Pros of Building a New Home


1. Complete customization

An obvious benefit of building your own home is that you can fully customize it. You get to take charge of the design, the floor plan, the cabinetry, and the appliances—it’s all personalizable. For most homeowners, having complete control over the look of their home gives them more satisfaction.

2. Less competition

When you build, you also don’t have to worry about competing with other homebuyers. Sure, you’ll still need to find the right piece of land and choose a home builder to work with. But from there on out, you’ll face zero competition.

4. Fewer maintenance issues

Since they’ve never been lived in before, brand-new homes are less likely to have maintenance issues—especially during the first few years. According to Sweeney Construction Law, many builders provide warranties for the first year or even longer depending on the type of issue. You just need to know where to look in the construction contract.

5. Better energy efficiency

These days, many homes are built with energy efficiency in mind. For example, they might come with smart thermostats that automatically adjust the temperature to save energy or Energy Star-certified appliances.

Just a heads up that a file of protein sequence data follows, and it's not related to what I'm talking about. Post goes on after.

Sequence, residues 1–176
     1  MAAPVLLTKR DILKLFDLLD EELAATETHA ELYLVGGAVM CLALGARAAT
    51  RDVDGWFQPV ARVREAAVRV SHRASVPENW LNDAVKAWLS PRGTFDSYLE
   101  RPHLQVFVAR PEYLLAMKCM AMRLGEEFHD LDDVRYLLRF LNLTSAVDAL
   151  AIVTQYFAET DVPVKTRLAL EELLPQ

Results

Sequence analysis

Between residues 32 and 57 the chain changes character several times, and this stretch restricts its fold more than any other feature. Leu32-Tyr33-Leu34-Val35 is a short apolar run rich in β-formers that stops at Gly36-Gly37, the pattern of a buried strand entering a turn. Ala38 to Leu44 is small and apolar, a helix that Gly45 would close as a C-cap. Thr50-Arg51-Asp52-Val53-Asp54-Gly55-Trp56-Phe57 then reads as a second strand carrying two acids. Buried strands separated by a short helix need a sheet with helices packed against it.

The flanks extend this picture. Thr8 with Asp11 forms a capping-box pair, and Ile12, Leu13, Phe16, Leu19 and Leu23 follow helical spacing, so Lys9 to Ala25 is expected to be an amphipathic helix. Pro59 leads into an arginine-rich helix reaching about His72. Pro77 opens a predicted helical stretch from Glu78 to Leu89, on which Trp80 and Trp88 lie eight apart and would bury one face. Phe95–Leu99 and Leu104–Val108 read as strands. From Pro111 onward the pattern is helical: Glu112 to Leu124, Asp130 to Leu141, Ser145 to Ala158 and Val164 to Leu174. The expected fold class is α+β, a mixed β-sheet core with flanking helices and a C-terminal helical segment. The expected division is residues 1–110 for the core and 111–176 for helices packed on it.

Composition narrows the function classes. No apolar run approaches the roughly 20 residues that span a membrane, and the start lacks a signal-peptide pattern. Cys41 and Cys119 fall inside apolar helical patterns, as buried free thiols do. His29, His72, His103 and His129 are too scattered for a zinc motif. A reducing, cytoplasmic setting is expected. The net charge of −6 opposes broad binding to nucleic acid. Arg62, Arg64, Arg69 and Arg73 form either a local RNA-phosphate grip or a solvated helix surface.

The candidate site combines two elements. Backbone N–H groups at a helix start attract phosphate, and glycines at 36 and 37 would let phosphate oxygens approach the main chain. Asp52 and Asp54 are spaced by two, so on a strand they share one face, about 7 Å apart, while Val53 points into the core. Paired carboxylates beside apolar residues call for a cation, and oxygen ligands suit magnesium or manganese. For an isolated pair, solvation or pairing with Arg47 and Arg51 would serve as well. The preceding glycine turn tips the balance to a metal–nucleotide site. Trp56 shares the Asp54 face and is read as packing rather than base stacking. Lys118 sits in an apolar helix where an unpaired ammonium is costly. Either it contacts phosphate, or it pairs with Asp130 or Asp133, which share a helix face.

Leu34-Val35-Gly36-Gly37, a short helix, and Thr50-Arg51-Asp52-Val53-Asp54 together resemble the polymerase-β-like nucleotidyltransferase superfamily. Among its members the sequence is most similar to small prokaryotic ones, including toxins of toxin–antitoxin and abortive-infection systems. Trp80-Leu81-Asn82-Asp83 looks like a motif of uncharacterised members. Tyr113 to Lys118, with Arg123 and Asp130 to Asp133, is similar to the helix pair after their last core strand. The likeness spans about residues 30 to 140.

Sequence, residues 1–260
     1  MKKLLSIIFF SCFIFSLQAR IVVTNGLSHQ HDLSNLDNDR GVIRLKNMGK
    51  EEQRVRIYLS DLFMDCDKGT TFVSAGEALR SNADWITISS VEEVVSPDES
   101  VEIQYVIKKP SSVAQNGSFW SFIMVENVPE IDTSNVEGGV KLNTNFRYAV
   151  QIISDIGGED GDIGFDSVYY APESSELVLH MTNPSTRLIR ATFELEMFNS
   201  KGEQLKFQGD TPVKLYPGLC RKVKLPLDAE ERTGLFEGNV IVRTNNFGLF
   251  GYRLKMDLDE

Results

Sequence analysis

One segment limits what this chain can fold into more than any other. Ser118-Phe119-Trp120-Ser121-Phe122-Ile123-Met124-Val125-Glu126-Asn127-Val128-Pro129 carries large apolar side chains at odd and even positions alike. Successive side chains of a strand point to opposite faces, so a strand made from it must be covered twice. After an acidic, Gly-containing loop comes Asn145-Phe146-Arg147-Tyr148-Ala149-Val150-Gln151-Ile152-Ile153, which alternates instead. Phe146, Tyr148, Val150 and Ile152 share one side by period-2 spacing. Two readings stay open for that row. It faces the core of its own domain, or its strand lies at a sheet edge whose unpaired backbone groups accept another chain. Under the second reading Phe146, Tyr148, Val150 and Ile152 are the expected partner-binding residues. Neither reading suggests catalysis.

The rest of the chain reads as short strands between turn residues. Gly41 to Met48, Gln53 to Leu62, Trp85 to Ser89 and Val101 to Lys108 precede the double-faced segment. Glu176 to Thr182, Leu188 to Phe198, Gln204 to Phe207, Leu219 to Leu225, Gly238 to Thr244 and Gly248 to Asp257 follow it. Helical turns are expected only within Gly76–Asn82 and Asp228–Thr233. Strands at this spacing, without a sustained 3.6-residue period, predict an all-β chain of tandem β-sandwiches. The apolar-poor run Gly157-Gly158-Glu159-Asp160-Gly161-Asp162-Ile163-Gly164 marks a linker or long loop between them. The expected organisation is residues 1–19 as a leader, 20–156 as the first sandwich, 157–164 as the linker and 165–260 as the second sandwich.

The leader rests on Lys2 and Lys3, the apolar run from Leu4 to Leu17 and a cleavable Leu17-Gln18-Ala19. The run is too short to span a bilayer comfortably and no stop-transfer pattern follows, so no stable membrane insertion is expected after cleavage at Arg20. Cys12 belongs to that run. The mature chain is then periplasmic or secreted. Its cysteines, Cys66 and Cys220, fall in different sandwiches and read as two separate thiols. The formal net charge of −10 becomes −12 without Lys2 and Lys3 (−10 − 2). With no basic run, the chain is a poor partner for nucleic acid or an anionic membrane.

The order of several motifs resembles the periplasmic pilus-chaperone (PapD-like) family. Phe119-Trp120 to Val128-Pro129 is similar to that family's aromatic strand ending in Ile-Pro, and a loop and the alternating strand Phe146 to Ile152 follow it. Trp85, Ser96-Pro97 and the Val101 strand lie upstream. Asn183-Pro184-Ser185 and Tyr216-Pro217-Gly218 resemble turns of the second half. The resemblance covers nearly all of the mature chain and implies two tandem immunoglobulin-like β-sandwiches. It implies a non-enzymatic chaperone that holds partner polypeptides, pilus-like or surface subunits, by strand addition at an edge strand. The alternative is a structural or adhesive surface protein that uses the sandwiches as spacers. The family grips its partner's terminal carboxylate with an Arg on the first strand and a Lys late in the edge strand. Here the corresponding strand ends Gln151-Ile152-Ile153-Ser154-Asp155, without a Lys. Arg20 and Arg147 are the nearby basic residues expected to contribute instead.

Cons of Building a New Home

1. Higher cost

As is often the case with new products, new homes tend to cost more. You pay a premium because it’s never been lived in before. Plus, unlike with existing homes, you have to pay for the construction of new homes. Financing can be harder to get, too. Construction loans tend to require higher down payments and interest rates because there’s no collateral to back the loan.

2. Unexpected costs and delays

Construction projects are notorious for delays and cost overruns. On average, 72% of projects are delayed with a 38% increase in the originally contracted duration, and 63% of projects experience cost overruns. This can happen for many reasons, not the least of which are supply chain issues, such as the lumber shortage during the COVID-19 pandemic. So it’s always a good idea to budget for the unexpected or offset this risk by signing a lump-sum contract instead of a cost-plus contract (the former of which puts the risk of cost overruns on the builder).

3. More time and stress

Building your own house takes time. On average, custom-built homes take nine months to build, and personalized production homes take seven months. That’s much longer than the 30-45 days it takes to close on an existing house. During that time, you’ll have to pay to live somewhere else and you could get stuck paying for construction and your current mortgage or rent—which could be stressful, to say the least.

The Final Verdict

At the end of the day, the choice to buy or build is up to you. Decide what matters to you most in terms of cost, time, convenience, control, and potential issues. Then determine which option most aligns with your goals. Now that you’ve finished this article, you’re better positioned to make an informed decision.

Bobana Hemun

I'm Bobana Hemun, a proud graduate of the Faculty of Medicine in Novi Sad. With a background as a professional occupational therapist, I initially dedicated my career to the Oncology Institute of Vojvodina. However, my journey eventually led me to the dynamic world of SEO. Outside of work, I find solace in relaxing yoga sessions, rejuvenating hikes in nature, and nurturing my beloved plants.